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We use wiring diagrams in quite a few diagnostics, but if we are not careful, they can on occasion bring us to create decisions which are not accurate, which can lead to wasted diagnostic time, unnecessary parts costs for that replacing parts aren't defective, and often missing a basic repair.
Today, the wiring diagram needed to support confirmed repair procedure is protected within that article or one of the links is supplied to the correct SYSTEM WIRING DIAGRAM article. By way of example, the wiring diagram for a Ford EEC-IV system could be contained in ENGINE PERFORMANCE and WIRING DIAGRAMS articles for Ford Motor Co. The wiring diagram for your cruise control system may very well be contained in ACCESSORIES & EQUIPMENT section for the particular vehicle manufacturer, as well as the wiring diagram for the anti-lock brake system can be included in BRAKES and WIRING DIAGRAMS for the specific manufacturer.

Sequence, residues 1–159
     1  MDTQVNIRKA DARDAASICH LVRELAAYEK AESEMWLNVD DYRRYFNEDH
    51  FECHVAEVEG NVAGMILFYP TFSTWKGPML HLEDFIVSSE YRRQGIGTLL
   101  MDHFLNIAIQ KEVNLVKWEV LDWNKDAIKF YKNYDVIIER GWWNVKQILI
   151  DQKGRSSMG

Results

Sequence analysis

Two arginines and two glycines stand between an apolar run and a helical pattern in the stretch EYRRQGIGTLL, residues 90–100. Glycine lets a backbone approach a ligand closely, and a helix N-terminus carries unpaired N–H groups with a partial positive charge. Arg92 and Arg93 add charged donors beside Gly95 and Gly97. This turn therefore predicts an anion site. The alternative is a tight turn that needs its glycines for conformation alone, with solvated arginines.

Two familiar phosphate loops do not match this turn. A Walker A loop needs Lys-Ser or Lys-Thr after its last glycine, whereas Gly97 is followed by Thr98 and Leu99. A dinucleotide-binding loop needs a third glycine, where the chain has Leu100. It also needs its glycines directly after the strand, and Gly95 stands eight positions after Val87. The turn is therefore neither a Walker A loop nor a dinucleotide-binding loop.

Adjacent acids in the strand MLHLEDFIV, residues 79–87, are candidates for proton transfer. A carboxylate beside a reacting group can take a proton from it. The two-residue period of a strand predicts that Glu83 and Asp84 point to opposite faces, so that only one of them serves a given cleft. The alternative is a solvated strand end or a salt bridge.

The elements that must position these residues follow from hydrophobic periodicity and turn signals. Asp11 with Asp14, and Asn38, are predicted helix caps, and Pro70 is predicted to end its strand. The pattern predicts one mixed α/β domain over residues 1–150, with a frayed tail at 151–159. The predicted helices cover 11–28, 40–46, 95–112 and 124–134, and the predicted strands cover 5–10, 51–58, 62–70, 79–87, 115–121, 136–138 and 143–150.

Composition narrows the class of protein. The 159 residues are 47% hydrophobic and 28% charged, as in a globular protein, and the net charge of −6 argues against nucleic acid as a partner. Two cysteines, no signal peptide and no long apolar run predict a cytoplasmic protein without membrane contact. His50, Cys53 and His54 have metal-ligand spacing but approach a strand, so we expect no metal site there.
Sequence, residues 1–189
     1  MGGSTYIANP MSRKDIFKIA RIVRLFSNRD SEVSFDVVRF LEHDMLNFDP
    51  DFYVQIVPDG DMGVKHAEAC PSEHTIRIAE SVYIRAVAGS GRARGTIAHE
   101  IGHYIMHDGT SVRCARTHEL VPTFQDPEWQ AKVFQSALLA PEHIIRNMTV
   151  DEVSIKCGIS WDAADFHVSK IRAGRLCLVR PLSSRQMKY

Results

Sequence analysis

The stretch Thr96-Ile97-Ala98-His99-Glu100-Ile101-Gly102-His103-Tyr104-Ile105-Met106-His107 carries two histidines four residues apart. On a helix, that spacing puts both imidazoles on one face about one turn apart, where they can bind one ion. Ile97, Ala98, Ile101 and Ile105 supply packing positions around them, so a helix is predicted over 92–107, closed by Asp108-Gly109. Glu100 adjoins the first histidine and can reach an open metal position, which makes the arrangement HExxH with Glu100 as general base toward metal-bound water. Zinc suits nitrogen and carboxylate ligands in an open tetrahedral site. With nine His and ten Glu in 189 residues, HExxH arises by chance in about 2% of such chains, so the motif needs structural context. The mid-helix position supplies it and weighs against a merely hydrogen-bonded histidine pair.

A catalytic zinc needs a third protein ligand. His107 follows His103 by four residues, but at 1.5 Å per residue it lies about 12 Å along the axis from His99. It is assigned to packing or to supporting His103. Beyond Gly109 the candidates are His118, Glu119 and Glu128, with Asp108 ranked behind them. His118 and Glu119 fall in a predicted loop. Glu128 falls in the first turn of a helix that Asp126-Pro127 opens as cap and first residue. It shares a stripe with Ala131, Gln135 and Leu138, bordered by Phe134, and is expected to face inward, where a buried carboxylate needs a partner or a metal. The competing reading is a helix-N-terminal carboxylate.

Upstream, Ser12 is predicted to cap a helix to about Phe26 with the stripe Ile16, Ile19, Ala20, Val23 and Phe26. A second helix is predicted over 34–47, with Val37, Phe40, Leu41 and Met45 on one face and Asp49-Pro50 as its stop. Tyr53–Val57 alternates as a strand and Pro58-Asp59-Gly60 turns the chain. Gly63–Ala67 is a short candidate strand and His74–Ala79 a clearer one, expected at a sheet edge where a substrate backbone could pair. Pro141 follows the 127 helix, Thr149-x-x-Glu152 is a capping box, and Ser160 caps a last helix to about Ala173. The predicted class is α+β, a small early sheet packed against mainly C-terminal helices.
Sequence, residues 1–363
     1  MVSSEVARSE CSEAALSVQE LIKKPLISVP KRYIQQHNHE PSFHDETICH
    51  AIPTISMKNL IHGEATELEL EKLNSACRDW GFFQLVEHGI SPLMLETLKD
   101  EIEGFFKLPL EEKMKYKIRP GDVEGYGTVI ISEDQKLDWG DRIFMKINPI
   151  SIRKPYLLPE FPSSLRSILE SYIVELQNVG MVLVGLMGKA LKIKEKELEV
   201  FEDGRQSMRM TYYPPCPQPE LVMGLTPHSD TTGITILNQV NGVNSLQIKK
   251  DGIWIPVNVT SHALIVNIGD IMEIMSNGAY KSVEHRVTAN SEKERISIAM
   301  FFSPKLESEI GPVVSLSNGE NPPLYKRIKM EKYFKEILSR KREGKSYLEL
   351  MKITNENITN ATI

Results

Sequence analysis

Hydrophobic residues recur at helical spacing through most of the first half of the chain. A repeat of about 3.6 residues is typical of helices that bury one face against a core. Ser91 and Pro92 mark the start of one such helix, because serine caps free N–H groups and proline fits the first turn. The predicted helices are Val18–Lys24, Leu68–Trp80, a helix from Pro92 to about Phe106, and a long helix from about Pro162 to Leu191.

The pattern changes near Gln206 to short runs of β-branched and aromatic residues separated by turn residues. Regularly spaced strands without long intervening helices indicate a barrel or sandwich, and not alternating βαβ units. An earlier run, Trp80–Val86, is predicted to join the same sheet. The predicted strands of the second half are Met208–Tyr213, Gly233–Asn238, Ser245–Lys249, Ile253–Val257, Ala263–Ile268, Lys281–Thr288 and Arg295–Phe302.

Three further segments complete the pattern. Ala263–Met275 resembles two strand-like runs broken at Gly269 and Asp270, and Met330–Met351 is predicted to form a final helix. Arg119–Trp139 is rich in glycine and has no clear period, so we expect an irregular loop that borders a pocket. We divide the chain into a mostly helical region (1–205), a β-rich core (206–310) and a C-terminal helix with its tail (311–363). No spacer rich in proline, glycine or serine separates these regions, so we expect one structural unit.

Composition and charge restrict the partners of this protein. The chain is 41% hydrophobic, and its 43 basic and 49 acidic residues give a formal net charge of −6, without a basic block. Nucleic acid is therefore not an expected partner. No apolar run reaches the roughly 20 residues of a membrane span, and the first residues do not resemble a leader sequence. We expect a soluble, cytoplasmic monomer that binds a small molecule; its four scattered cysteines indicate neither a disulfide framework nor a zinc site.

Within my recent multi-part series on automotive electrical systems (which included primers on how electricity works and how to train on a multimeter), I gave a brief troubleshooting example by which I made use of a multimeter to verify that voltage was present. If your device—say, an electrical motor—isn't working, first decide if voltage is reaching it once the switch that powers the set up is turned on. If voltage is present within the device's positive terminal, test for continuity between your wire for the device's negative terminal and ground (first your body of the car, and then the negative battery terminal). If this passes those tests, conduct a voltage drop test to look for a superior resistance failure. When the voltage drop test shows no worries, the system is toast.